Palmtop Handheld and PDA Product Guide
Magicians say the hand is quicker than the eye. Human hands have been behind the construction of civilizations, creation of art and the communication of language. Palmtops work with your hands to help keep your busy life organized. It's as easy to use as a paper memo pad yet far more practical. Using an easy-to-read, touch-sensitive screen, you can store thousands of contacts, create and maintain schedules and keep comprehensive lists of all the things you need to do. In addition, with optional software and accessories, you can send and receive E-Mail, connect with the Internet almost anywhere, read books, listen to music, play games, virtually anything you might imagine. You can also easily transfer information to your home computer, too. And it all fits in the palm of your hand.
Palmtop computers are small devices that come in all types of models and perform various organizing and communicating functions. Palms, Handsprings, Pocket PCs, Personal Digital Assistants (PDAs), and Handhelds are all types of references to palmtop computers that you carry along with you basically anywhere. Palmtops are generally very thin and have a large LCD screen that may display in color or generic black on green. They have neat organizing tools like calendars, to-do lists, address books, email, and even Internet access. Most organizers have a graphic user interface with menus for selection, and have the ability to synchronize with information on your PC.
From personal tools, to great communicating functions to cool pocket entertainment, the palmtop can perform wonders.
Most palmtops allow you to keep track of your schedule, maintain a to-do list, and save contact information. How much information your palmtop can hold depends on the amount of memory it comes with. Most palmtops can store hundreds of contacts, numbers, email addresses and many other types of information. Some even have the ability to read and store the handwriting that you enter onto an LCD screen with a special pen. Most palmtops also have a built-in calculator and some even have a clock with world time zones, which you can use for appointment alarms. Another great feature of palmtop computers is their ability to synchronize with your PC. Let's say you have an appointment calendar on your PC and you'd like to transfer that information to your Palm so that they are both accurate and up to date. With most palmtops, you can synchronize the information by a number of various methods and with software that usually comes with most palmtops.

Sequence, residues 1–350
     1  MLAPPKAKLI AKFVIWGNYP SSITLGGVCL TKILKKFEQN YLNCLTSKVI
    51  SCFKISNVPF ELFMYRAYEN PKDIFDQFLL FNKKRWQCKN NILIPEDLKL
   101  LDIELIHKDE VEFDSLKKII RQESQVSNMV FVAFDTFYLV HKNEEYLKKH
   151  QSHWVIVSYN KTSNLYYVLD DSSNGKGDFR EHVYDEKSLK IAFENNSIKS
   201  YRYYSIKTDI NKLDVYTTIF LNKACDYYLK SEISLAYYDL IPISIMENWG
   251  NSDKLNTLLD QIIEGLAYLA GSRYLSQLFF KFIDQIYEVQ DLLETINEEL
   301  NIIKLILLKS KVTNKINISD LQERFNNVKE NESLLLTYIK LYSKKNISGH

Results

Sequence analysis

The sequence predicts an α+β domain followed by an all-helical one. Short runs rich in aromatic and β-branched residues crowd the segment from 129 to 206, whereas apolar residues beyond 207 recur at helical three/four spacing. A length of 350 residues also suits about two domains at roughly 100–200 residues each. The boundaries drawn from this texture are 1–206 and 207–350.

Can you send/receive email, and access the Internet on a palmtop computer? Sure! Most palmtops don't come with standard modems, however you do have the option of purchasing a card modem for your handheld device. There are even some palmtops that come "wireless" but require a service, which you'll be billed for every month. There are also adapters and other devices that snap onto some palmtops for sending and receiving email like PocketMail. Accessing a corporate or small-business network with a handheld is now possible with certain accessories.
Some palmtop devices let you read books, listen to music, view photos and play games, and read maps, right on the device. Extra ports for a microphone or headphone may also be available with some units. Many palmtops also come in flashy new colors.
Palmtops are designed to be very easy to use with menus that allow you to jump from function to function in a snap. Millions of people all over the world from moms to financial professionals are now using palmtop computers as organizing and communicating tools. If you already have a paper organizer, and looking for an electronic solution to keeping all your information controlled, then you'd appreciate having a palmtop. If you were going away to college for the first time and fear not being able to organize your time well, buying a palmtop would be a great way to start. People on business trips and always on the go that have to often refer to information, will find palmtops helpful.
Types of Palmtops
Palmtops have come a long way from when they were first introduced to the world. New palmtops have more RAM, more room for storage, are slim and lightweight, and can perform a variety of multimedia functions. Most palmtops come with an average of 8MB of RAM and connect to computers using a USB interface. Memory capacity and functionality differ from brand to brand.
The manufacturer Palm created the very first palmtops called "Palm". No other handheld device can be called a Palm, although they may be referred to as palmtops. When Palms were first introduced, all of them were grayscale handheld organizers. Palm has many different versions of their electronic organizers out on the market today, including some color models. Most Palms come with anywhere between 2MB and 8MB of RAM and up to 8MB of internal memory. All Palms operate using an original Palm operating system. Some LCD screens come backlit, and most operate using a touch screen and stylus. There are some models that come sleek and ultra slim, and may include an infrared wireless port. Some Palms work with both Macs and PCs, while others are only PC compatible. Accessories like attachable full-size keyboards for data entry and Back Flip for email access are available for most Palms. Palms operate using regular alkaline batteries.